In times of change it’s always useful to remember that everything is a time of change. Since the advent of print-on-demand, and then of e-books, there have been approximately 47 trillion articles written on The End of the Book As We Know It, the End of Publishing As We Know It, and so on. It’s easy to believe that the old ways were handed down from Mt. Olympus: a trade book shall require 9 months from the moment it is handed to Production, neither 8 months nor 10, but 9, and 9 shall be the number, forever and ever, hallelujah. Yea, verily, there is but one way to distribute books. Etc. But that has never been so; it’s a rule of thumb, not an amendment to the Constitution.
We forget that, in Jane Austen’s time, the author shared the expenses of publication. We forget that in many cases books were purchased by subscription: when the new canto of Lord Byron’s Childe Harold’s Pilgrimage was announced, you went to the bookseller and reserved your copy. The publisher didn’t create a big advance printing, he (it was pretty much always a he in those days) printed and bound enough for the subscribers, plus a small overage. Which meant that if something really caught on the publisher–and the printers and bookbinders who worked for him–were suddenly in overdrive. Even a hundred years later, when bookshops were more prevalent, this was the case.
I have been doing research on apprenticeships for a project I’m working on, which led me to a book from 1747, The London Tradesman, a survey of many of the occupations available to the workingman. In the course of discussing bookbinding the book notes that journeymen bookbinders “seldom earn more than ten shillings a week when employed, and are out of business for half the year.”
Wait. Bookbinding is a seasonal trade? Or was? Are the poems not ripe until August? Is there a spawning season for travel journals? Say what?
In the way of research, I started following the question of bookbinding as a seasonal employment down its own dark alley. Finally, in a Report of Arbitration Between The Bookbinding Trade Section of the London Chamber of Commerce and the London Societies of Journeymen Bookbinders (1904), I teased out an answer. It seems that in 1904 here were several big times of the year for publishing: in the fall, when school books were wanted, and just before Christmas, when Christmas gift books were being manufactured. Oh, and if a book was unexpectedly popular the publisher might be caught out and need to get their staff cracking on producing enough books to meet the demand. Publishers, asked if there wasn’t a way to spread to work out more reasonably through out the year, said adamantly that there was not.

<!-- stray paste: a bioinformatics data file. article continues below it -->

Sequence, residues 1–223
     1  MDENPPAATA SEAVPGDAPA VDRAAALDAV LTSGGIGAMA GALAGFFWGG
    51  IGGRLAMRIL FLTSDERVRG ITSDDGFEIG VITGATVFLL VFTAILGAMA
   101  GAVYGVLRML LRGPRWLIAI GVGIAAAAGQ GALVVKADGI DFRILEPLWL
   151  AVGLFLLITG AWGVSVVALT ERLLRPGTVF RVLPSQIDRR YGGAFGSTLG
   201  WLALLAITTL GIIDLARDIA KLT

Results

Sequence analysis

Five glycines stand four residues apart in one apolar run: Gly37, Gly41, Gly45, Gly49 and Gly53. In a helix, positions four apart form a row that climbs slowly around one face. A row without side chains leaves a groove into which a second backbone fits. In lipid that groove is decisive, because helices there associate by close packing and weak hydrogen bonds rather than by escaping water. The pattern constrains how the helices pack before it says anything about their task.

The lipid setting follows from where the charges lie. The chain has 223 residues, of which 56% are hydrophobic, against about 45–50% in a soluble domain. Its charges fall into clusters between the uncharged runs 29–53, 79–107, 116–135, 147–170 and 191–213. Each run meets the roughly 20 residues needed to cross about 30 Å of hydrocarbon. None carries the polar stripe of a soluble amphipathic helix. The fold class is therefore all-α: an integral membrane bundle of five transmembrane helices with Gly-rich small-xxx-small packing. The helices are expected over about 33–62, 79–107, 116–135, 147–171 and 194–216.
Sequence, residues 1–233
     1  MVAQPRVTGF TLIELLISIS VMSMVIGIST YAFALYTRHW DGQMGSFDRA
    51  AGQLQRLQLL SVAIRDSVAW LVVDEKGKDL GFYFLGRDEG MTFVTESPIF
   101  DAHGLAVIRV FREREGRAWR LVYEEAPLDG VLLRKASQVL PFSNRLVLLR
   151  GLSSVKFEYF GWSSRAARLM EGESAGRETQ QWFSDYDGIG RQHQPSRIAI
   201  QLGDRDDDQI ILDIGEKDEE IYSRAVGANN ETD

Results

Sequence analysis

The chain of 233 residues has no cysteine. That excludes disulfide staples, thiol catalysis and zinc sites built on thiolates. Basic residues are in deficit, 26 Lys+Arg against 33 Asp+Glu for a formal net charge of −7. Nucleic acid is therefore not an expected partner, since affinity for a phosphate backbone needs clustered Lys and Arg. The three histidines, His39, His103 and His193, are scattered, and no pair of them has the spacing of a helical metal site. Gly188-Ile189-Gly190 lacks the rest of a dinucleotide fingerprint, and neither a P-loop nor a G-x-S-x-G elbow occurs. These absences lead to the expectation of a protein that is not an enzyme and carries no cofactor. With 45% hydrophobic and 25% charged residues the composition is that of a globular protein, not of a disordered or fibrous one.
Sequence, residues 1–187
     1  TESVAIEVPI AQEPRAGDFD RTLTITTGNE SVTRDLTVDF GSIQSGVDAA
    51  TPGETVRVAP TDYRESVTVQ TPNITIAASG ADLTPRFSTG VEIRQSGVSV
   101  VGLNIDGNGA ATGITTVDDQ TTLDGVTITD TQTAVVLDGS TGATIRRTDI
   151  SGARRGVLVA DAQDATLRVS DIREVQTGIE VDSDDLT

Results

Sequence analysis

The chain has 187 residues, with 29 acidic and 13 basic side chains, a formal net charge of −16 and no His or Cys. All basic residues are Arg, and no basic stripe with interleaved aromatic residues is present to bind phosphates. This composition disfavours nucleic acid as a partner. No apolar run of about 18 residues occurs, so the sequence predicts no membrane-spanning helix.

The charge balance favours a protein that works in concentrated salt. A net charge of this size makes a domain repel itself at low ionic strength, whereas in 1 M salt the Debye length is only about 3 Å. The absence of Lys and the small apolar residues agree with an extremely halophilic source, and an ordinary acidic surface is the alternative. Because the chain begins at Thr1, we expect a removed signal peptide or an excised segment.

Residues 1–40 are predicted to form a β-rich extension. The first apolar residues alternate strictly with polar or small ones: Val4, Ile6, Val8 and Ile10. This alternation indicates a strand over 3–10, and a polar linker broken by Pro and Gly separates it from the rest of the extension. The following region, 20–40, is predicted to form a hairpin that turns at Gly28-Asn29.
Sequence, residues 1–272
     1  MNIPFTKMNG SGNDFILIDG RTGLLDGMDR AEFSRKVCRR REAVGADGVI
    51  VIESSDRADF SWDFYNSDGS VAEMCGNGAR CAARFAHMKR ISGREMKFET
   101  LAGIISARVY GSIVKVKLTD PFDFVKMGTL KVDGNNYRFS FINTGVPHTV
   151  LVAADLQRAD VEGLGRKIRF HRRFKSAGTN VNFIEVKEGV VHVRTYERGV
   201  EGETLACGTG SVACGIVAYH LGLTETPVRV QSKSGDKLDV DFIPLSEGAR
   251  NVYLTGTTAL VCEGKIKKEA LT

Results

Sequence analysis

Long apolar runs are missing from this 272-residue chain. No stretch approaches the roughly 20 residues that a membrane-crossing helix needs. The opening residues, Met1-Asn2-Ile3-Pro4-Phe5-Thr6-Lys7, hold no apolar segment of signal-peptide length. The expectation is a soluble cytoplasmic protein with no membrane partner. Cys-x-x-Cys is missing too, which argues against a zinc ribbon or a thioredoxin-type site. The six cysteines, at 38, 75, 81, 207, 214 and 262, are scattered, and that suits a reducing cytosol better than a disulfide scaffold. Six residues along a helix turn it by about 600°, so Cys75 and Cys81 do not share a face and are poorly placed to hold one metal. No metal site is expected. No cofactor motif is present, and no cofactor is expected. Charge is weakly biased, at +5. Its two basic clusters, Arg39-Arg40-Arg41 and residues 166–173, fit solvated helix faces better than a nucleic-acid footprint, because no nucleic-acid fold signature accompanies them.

“I only wish we could foresee those sorts of things…though we had provided a very large stock, yet we ran short several times, much to our regret….I do not see how anyone could have foreseen those circumstances and been prepared against them.”
It’s not just the unexpected bestsellers that seemed to catch the publishers unaware. Under this system no one appears to have considered that you might start printing and binding the textbooks in March, when things were slow, and the Christmas books in August, when demand for the (already printed) textbooks began. For the publishers–and the binders and printers who worked for them–it seems to have been a very erratic system. And the publishers were absolutely certain that this was the way it was:
“I take it that in addition to that there is a great rush of Christmas books?” “Yes.”
“You feel you are doing everything you possibly can?”
“I believe I am doing everything I possibly can.”
“You do not think you can do more?”
“I do not think I can do more.”
“In spite of all do you find there is a great deal of pressure at Christmas?”
“There always must be. No publisher in the world, I do not care who he is, can guage (sic) the public opinion sufficiently to guage (sic) the number of books wanted.”
Take that. And also: so there. Can’t be done, binders just have to cope with it, and (because this was the heart of the matter) they get overtime pay during the rush seasons, but if for some reason they work overtime during a non-rush season, it’s totally unreasonable for them to get paid extra for that. Because it’s not a rush season, see?
My point is not that publishers were mean in the Olden Days, or that they might have done a better job of organizing their printing and binding schedules. It’s that in 1904 this was the way things were. There are always people who will tell you that green covers don’t sell*, or that it takes nine months to produce a book, or the only way to sell books is by subscription, or in bookstores, or on the internet, because that was true for them. And when the way things were began to change, it may well have seemed cataclysmic, like the end of the world.
So when when someone says “e-text is killing print” with the same conviction as the publishing executive quoted above, I find I’m not listening. It’s always the end of the world as we know it. And it’s always the birth of something new.
*This was an artifact of early paperback printing, when greens in particular turned muddy and unappealing.